I had no idea. Shows what happens when you ignore most of the media most of the time. The first moonwalker, who performed that feat in July 1969 when I was rather preoccupied on patrol in Vietnam, died at 82 in August.
I knew that part. I didn’t know he was cremated and his “ashes” and “dust” were buried at sea in the Atlantic somewhere off Florida. Probably directly east of the launch pad, though it doesn’t say.
Meanwhile, a day or so after the retired Endeavor space shuttle flew by McGregor, Texas, on its 747 carrier, Space X tested its Grasshopper, a vertical landing space vehicle, there. For now, it’s the first stage of X’s Falcon 9 powered by a Merlin engine—and the classic scifi image of the landing space rocket. If they ever do succeed at making that routine, we’ll know our space future is on the way.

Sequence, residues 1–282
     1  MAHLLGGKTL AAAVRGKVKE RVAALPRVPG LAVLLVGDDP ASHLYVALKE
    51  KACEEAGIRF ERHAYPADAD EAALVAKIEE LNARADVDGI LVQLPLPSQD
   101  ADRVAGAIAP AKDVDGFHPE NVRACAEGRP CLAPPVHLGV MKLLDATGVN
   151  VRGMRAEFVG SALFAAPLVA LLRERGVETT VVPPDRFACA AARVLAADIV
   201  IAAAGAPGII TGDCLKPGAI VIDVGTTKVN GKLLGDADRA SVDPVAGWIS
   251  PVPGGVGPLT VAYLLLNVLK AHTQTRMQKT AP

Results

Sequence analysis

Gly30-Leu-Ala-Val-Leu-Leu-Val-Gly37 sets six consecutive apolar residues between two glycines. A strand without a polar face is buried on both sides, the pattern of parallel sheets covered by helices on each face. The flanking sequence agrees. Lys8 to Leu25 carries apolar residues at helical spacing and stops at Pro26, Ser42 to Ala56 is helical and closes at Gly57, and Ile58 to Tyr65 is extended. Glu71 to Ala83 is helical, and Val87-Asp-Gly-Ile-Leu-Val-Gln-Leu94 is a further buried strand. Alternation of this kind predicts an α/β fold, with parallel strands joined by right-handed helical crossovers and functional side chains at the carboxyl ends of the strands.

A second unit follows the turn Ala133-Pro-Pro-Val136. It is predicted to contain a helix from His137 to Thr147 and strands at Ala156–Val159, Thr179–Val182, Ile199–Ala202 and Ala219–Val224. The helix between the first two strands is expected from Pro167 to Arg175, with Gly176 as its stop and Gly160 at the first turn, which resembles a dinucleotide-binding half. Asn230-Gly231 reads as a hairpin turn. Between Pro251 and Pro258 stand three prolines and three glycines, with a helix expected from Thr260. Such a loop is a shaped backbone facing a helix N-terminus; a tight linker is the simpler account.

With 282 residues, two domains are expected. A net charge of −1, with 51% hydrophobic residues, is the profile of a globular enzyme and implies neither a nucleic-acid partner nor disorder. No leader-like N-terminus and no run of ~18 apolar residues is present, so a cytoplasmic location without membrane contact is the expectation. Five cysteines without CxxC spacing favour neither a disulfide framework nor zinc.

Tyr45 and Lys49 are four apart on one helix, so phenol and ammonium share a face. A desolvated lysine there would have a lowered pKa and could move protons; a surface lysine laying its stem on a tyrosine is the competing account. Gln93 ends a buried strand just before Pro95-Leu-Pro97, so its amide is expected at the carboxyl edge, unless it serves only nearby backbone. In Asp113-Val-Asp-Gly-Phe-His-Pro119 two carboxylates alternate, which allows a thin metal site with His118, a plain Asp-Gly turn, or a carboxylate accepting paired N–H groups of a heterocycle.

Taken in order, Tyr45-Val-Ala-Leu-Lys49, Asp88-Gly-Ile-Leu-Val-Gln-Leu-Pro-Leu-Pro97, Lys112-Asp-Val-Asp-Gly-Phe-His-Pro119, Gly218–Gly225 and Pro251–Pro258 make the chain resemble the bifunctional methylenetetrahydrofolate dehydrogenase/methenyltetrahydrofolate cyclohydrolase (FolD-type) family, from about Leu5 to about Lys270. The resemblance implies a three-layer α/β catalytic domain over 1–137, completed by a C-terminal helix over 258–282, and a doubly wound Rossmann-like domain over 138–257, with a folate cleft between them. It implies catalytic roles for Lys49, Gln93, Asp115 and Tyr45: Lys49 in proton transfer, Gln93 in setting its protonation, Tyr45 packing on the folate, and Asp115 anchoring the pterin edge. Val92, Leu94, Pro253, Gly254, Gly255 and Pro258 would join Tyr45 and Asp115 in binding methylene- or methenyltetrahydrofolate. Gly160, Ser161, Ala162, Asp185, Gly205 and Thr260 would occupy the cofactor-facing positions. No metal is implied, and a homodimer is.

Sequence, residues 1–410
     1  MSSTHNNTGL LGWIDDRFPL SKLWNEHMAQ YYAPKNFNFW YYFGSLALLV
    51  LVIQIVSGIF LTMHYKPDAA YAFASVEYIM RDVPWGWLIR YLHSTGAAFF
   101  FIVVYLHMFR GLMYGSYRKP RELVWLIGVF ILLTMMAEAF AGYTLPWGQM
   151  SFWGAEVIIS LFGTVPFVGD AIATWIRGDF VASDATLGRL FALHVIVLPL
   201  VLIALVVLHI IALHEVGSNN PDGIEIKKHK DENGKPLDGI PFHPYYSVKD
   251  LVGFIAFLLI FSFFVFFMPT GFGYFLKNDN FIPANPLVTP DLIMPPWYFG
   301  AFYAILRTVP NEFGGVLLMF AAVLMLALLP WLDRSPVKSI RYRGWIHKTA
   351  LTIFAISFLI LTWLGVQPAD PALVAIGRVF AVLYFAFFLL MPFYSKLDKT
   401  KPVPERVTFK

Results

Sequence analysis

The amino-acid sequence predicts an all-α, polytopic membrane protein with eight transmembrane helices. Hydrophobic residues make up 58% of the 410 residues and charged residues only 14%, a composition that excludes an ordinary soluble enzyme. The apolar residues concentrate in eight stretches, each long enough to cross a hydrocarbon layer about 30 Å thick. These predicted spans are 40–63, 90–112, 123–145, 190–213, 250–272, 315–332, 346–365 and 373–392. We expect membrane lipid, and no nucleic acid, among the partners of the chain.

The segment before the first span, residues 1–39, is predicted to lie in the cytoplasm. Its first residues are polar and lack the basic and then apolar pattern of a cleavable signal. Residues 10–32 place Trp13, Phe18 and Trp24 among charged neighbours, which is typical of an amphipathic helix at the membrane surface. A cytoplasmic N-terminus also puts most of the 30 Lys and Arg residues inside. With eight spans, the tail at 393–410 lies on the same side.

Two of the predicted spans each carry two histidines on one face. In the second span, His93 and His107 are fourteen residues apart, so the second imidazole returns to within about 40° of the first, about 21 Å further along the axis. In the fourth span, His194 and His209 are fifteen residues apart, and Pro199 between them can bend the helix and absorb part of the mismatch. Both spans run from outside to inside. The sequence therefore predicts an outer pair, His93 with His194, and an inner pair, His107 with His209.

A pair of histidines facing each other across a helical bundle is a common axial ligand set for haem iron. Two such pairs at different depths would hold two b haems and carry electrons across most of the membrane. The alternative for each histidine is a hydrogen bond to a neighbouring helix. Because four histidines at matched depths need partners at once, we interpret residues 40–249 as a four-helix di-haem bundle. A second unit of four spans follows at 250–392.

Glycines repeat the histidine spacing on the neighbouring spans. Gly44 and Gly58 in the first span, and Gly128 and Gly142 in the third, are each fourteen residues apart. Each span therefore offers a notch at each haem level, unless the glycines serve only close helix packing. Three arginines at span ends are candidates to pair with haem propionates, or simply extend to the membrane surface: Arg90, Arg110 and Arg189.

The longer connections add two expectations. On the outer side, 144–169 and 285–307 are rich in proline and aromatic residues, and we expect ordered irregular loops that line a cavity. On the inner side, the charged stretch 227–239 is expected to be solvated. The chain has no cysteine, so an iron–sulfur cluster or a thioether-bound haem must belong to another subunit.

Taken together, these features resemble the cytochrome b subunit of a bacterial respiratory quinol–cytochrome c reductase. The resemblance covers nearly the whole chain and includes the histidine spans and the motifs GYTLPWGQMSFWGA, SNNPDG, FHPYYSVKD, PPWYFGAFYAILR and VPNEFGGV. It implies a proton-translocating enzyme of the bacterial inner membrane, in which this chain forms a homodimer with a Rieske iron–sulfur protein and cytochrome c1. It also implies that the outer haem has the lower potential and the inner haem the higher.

Posted in Sailing, Science/Engineering, Space, Texana, Viet Nam
Tagged buried at sea, Falcon 9, Grasshopper, McGregor Texas, Merlin rocket engine, moonwalker, Neil Armstrong, Space X
While Times Online claims Neil Armstrong’s planned utterance ("One small step…" etc.) was ungrammatical–and sci fi writer Arthur C. Clarke (writing in 1986) agreed–until an Australian computer expert recently uncovered the missing article. Well, every Texas schoolboy knows the REALLY important matter was the First Word from the lunar surface, not those planned-in-advance words.
That first word? "Houston," as in Armstrong reporting the landing by saying "Houston, Tranquillity base here…" etc. I used to have a colorful poster of an orbiting city made up by the Houston chamber of commerce crowing about it. As a paid scribe, I even once examined the official transcript to confirm it.
Comes Wikipedia claiming the first words were those of Buzz Aldrin: "The first words spoken from the surface were Aldrin’s, who reported ‘Contact Light’ as the Eagle’s landing probe touched the moon."
Harrumph. This is why, as we so often hear, Wikipedia’s encyclopedic veracity is questionable at best.